Cookies on this website
We use cookies to ensure that we give you the best experience on our website. If you click 'Continue' we'll assume that you are happy to receive all cookies and you won't see this message again. Click 'Find out more' for information on how to change your cookie settings.

Adult stem cells are found in numerous tissues of the body and play a role in tissue development, replacement and repair. Evidence shows that breast stem cells are multipotent and can self renew, which are key characteristics of stem cells, and a single cell enriched with cell surface markers has the ability to grow a fully functional mammary gland in vivo. Many groups have extrapolated the cancer stem cell hypothesis from the haematopoietic system to solid cancers, where using in vitro culture techniques and in vivo transplant models have established evidence of cancer stem cells in colon, pancreas, prostate, brain and breast cancers. In the report we describe the evidence for breast cancer stem cells; studies consistently show that stem cell like and breast cancer initiating populations can be enriched using cell surface makers CD44+/CD24- and have upregulated genes which include Notch. Notch signalling has been highlighted as a pathway involved in the development of the breast and is frequently dysregulated in invasive breast cancer. We have investigated the role of Notch in a pre-invasive breast lesion, ductal carcinoma in situ (DCIS), and have found that aberrant activation of Notch signalling is an early event in breast cancer. High expression of Notch 1 intracellular domain (NICD) in DCIS also predicted a reduced time to recurrence 5 years after surgery. Using a non-adherent sphere culture technique we have grown DCIS mammospheres from primary DCIS tissue, where self-renewal capacity, measured by the number of mammosphere initiating cells, were increased from normal breast tissue. A gamma-secretase inhibitor, DAPT, which inhibits all four Notch receptors and a Notch 4 neutralising antibody were shown to reduce DCIS mammosphere formation, indicating that Notch signalling and other stem cell self-renewal pathways may represent novel therapeutic targets to prevent recurrence of pre-invasive and invasive breast cancer.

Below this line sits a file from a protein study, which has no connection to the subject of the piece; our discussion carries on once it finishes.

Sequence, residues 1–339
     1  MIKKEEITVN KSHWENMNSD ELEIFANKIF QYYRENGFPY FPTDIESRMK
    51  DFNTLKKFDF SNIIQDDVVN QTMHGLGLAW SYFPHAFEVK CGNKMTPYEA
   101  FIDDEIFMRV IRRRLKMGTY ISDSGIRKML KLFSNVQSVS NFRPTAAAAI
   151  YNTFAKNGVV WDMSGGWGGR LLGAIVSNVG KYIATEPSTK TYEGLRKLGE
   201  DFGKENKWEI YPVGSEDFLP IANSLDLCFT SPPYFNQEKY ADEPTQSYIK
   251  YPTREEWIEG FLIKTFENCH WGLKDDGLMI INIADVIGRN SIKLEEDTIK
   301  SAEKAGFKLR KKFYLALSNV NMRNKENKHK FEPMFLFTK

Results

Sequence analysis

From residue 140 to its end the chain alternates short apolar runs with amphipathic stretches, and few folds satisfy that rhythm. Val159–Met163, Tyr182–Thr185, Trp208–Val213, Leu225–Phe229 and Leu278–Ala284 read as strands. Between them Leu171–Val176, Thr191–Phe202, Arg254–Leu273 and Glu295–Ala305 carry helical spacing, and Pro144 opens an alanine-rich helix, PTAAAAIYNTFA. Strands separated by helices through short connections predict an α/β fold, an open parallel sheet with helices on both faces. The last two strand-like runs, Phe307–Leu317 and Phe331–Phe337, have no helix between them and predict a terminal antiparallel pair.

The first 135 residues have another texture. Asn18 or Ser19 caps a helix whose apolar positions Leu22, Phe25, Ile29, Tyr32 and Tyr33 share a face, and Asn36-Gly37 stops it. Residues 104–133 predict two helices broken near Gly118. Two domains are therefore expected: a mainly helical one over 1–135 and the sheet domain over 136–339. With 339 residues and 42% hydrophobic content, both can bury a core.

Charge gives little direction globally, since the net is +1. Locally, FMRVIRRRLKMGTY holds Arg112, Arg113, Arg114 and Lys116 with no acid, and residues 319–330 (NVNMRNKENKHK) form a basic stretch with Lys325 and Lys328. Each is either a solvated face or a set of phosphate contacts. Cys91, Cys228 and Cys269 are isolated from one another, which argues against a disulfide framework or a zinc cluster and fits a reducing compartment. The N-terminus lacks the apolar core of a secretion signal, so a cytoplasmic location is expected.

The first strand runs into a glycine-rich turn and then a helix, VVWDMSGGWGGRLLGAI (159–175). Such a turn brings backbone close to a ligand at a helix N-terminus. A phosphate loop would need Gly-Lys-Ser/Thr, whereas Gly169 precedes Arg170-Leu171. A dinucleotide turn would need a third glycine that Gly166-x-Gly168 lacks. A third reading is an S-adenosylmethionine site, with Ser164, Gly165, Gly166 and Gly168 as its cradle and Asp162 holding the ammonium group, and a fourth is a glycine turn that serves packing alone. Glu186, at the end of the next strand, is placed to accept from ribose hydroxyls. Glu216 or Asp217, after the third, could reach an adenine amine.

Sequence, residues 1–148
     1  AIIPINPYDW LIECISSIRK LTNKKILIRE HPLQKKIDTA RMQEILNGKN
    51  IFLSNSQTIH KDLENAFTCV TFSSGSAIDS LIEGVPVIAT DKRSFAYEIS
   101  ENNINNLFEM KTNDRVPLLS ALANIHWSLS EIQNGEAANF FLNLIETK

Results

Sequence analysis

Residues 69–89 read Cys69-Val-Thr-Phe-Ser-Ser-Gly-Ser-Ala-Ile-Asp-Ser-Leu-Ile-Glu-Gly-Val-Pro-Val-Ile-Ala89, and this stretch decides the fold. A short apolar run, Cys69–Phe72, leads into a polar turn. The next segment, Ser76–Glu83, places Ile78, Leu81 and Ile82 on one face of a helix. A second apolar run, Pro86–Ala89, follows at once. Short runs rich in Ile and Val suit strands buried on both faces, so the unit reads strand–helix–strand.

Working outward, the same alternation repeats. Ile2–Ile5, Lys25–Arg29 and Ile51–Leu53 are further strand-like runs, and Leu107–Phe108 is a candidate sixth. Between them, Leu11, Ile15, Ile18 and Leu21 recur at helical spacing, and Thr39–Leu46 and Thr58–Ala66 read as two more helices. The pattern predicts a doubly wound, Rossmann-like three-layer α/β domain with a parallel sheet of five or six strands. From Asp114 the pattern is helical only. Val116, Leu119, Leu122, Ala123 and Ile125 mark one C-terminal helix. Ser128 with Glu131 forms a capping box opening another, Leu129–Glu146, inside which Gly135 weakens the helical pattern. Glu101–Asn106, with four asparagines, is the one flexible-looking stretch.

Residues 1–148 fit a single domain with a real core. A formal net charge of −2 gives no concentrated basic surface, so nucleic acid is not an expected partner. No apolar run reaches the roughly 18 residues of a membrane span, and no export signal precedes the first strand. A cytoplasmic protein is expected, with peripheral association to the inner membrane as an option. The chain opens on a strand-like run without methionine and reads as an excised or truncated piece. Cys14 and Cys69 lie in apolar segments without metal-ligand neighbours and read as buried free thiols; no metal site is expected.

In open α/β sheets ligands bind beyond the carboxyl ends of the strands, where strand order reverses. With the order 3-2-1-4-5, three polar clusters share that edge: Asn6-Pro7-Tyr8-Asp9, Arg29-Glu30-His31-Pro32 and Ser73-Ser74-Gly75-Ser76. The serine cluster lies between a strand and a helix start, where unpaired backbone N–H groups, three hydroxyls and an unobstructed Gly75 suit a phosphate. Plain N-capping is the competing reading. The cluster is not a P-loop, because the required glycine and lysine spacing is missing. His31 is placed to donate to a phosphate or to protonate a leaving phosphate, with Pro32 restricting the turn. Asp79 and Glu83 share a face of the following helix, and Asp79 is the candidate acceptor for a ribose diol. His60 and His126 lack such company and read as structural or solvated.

Original publication

DOI

10.1007/s12015-007-0023-5

Type

Journal article

Journal

Stem cell reviews

Publication Date

06/2007

Volume

3

Pages

169 - 175

Addresses

Breast Biology Group, Division of Cancer Studies, Faculty of Medicine and Human Sciences, University of Manchester, Paterson Institute for Cancer Research, Wilmslow Road, Manchester, M20 4BX, UK.

Keywords

Mammary Glands, Human, Mammary Glands, Animal, Spheroids, Cellular, Multipotent Stem Cells, Animals, Humans, Carcinoma, Intraductal, Noninfiltrating, Breast Neoplasms, Mammary Neoplasms, Experimental, Neoplasm Recurrence, Local, Dipeptides, Antigens, CD44, Tumor Markers, Biological, Enzyme Inhibitors, Neoplasm Transplantation, Gene Expression Regulation, Neoplastic, Up-Regulation, Female, Receptor, Notch1, Antigens, CD24, Amyloid Precursor Protein Secretases, Neoplastic Stem Cells